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The Artifacts Collection

Artifacts in the Holocaust History Museum

The Diaries of the Bruckmann Children

  • A baby diary that follows the growth of Siegfried (Friedl) Bruckmann who was born in 1925 in Nabburg, Germany
  • A page from the baby diary of Friedl Bruckmann from Nabburg, Germany that his mother Gerta marked with the baby’s weight gain for the month of August
  • A page from the baby diary of Friedl Bruckmann from Nabburg, Germany inscribed by his mother Gerta
  • An outline of the hand of Friedl Bruckmann, born in 1925 in Nabburg, Germany drawn in his baby diary by his mother Gerta
  • The Bruckmann children from Nabburg, Germany, 1935: From left to right – Werner, Friedl, Guenther and Waltraut. Only Werner, who was sent to Eretz Israel, survived
  • Gerta Bruckmann with her baby daughter Waltraut. Nabburg, Germany, 1930. The two were murdered in Poland in 1942
  • Werner, Friedl and Guenther in traditional Bavarian dress, Nabburg, Germany 1930
  • Sally Bruckmann dressed in German army uniform in World War I, in a photograph that he sent to his sister. Sally Bruckmann was murdered in Poland in 1942
  • Werner (Avraham) Bruckmann in the uniform of the Jewish Brigade serving in World War II under British command. Avraham was the sole survivor of his immediate family

The diaries document the first chapter of the lives of the children of Gerta and Sally (Samuel) Bruckmann from Nabburg in Bavaria. The diaries were written and illustrated by Gerta for her children: Friedl (Siegfried) born in 1925, Guenter, born in 1928 and daughter Waltraut, born in 1930.

After an upsurge of anti-Semitism in their hometown, the Bruckmann family went to live with Gerta’s sister in Leipzig. Before they left, they packed their belongings and books, including the three diaries, and gave them to Christian friends of the family. The eldest son, Werner (Abraham), was sent to Eretz Israel with the “Youth Aliya” immigration program in 1934.

During the war, Werner Bruckmann enlisted in the Jewish Brigade, returning to Germany as a soldier. When the war ended he went to the home of his family’s friends, who returned their property to him—the diaries, family photographs and many letters. From the diaries and letters, Werner learned of his family’s hardships from the time of their deportation until contact with them was lost.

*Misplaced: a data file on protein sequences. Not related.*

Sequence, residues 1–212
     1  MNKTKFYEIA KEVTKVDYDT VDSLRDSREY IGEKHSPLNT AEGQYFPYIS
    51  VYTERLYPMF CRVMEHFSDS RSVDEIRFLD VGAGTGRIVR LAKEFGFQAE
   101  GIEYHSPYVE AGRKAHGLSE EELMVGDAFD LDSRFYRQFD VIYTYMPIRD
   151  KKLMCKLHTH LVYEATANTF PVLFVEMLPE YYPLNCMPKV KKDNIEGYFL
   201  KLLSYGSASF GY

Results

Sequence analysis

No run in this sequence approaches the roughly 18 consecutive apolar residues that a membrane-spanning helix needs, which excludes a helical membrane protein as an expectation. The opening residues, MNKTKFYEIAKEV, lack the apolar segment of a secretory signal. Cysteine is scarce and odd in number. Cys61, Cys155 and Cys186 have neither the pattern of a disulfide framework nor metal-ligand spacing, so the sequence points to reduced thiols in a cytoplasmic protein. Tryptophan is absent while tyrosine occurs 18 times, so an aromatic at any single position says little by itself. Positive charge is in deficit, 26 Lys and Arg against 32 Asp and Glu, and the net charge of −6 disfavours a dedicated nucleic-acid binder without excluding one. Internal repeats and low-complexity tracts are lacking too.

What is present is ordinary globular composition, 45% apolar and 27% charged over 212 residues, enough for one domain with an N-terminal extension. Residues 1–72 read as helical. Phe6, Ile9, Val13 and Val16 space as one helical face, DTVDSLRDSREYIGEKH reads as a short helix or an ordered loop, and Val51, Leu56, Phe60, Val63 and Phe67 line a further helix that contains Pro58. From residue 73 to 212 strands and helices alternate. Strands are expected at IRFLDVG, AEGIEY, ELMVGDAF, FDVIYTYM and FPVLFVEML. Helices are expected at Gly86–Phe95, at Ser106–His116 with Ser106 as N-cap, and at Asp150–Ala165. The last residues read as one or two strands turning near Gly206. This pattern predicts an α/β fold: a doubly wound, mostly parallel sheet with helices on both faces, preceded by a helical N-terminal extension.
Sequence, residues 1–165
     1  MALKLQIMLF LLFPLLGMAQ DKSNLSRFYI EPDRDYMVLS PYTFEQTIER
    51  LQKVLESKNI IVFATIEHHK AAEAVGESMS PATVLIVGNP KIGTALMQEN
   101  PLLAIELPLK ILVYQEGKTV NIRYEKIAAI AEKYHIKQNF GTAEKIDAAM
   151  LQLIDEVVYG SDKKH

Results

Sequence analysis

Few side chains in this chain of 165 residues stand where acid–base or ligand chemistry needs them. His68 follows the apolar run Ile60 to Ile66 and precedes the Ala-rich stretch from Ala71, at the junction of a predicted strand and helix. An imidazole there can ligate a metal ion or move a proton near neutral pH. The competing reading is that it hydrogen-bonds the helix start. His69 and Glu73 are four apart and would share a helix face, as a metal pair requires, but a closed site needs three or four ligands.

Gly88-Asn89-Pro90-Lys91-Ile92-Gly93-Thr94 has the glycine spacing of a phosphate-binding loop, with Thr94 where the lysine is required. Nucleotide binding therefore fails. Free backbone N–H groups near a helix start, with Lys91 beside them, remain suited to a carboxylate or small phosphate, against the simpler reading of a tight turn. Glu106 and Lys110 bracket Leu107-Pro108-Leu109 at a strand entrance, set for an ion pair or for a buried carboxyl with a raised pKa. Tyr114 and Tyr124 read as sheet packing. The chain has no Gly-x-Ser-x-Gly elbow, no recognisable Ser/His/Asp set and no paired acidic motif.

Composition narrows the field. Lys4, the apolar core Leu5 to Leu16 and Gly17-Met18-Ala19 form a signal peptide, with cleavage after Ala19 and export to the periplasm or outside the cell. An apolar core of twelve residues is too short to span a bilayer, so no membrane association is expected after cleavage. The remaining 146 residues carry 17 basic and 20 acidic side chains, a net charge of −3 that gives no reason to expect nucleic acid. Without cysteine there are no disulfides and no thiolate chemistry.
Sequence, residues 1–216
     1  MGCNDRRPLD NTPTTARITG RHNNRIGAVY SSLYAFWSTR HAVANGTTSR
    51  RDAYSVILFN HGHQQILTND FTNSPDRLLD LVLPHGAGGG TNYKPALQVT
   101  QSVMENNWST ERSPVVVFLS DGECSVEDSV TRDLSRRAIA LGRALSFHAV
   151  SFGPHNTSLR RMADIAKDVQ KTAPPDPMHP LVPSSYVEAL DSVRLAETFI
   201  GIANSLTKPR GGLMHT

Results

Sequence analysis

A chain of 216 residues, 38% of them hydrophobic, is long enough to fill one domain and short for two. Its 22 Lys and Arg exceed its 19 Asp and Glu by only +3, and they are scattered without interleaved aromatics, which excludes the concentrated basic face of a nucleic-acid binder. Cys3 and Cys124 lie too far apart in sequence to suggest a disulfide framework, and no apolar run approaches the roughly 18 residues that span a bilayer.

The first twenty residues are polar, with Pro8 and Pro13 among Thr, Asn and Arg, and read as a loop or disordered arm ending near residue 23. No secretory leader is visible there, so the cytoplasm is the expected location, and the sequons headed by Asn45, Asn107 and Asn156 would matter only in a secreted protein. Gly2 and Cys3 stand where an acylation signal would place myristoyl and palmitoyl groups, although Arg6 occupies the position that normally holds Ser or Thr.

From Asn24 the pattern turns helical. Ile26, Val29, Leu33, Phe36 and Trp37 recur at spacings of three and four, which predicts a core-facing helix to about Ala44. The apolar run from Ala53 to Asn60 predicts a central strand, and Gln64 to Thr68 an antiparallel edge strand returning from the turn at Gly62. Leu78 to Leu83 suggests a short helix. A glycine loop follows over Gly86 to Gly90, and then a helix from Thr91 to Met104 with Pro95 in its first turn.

From Friedl’s diary, 18 March 1934, written by his mother:
“My dear son Friedl
…This book has been left lying quiet for a long time, for such a bad time has now befallen the Jewish people. What a lot we have to go through; our lives have become so difficult. How sunny were those days of your childhood, my beloved Friedl!
You are only in your third year in school, and you have to suffer so much upheaval in these difficult times…”

At a certain point in time, the family was moved to the “Jewish House” in Leipzig, and in 1942 they were deported to the village of Belzyce in Poland. They continued to write to non-Jewish friends in Heidelberg, Germany through a Christian intermediary living in Belzyce, until the fall of 1942, when all contact with the Bruckmanns was lost.

On 19 November 1941, Gerta Bruckmann wrote to her good friends:

“Carpe diem… “Seize the day” – this saying is most fitting for our situation. Seize the day that lies between the verdict and its actualization. That is how it is for us today. We have been condemned for some time, condemned to live our lives somewhere under abnormal conditions... Our lives exist under the shadow of the coming evacuation; maybe it is good to think everyday that it could happen tomorrow...so we slowly get used to something inevitable, unless a miracle occurs at the last moment…
We will take with us into exile the comfort that we have been given a gift that not everyone has – a friendship that has proven itself in the most difficult times. When a person has friends in good times, he does not know if the friendship will last in times of trouble. But we have friends on whom we can rely in every situation. This is also a comfort. Thank you so much for your friendship. And friendship carries with it an obligation: we will go into exile with our heads held high, and when we take our final steps, we will do so with dignity…”

On 20 June 1942, a letter was received from the Bruckmann family describing the conditions in Poland:

“Although it is June, the nights are very cold. We only have two blankets to cover the five of us and we are freezing. We lost our three backpacks…you must keep sending us things as long as the post office accepts packages. We could survive three days just from the profits of a dress...
When it rains, and it rains often, it is cold and there is terrible mud. We need rubber boots for Waltraut… you would not recognize the little girl. She is quiet and sad. It hurts to see her small pale face. She often lies down because of the hunger, weakness and cold. There is just not enough food…”

Sally and Gerta Bruckmann and their three children Friedl, Guenther and Waltraut were murdered in Poland.

Yad Vashem Artifacts Collection, Gift of Gila Bruckmann, Kfar Saba, Israel

Additional artifacts in the Holocaust History Museum